Many, many years ago I did independent study in ancient Scandinavian literature at the local university, under the direction of a professor of English who had grown up in Cavalier, North Dakota. I visited that area once and found it to be true, that quite a few of the residents were of Norwegian or Icelandic descent. This professor whose name was Ruth has long passed on, but I have a book she loaned me and which I sadly did not return. The title is Skaldic Poetry, and now and then I thumb through its pages. The time has come for me to delve into the intricacies of Old Norse poetry, which has been made less daunting by the presence of Wikipedia on the web.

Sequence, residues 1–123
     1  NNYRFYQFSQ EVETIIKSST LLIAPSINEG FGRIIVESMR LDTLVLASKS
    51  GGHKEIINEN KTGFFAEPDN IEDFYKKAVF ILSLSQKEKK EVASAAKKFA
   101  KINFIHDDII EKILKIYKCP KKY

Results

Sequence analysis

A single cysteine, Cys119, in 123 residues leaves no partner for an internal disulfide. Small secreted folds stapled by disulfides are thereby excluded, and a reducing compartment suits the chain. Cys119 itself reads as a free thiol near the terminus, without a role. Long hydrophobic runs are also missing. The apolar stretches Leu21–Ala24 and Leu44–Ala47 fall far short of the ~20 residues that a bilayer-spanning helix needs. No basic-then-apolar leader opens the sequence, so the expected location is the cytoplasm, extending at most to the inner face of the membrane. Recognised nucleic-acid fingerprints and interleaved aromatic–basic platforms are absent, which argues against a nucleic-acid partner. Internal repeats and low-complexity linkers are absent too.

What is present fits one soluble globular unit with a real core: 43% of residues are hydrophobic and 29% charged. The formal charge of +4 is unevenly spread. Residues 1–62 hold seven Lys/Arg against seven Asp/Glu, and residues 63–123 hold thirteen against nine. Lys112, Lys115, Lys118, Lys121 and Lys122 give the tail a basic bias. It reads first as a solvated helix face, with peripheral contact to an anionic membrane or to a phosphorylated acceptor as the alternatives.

My first observation is that Old Norse poetry can be viewed as consisting of two broad types, eddaic and skaldic. The eddaic is straightforward, informal, anonymous. Authorship of skaldic poetry is assigned to known poets, some of whom may have been kings, is fairly complex and employees fixed literary devices. Some skaldic poetry is so obscure that allusions may be lost on the modern reader without extensive footnotes. And I will get back to this topic when I sort out the relevancies.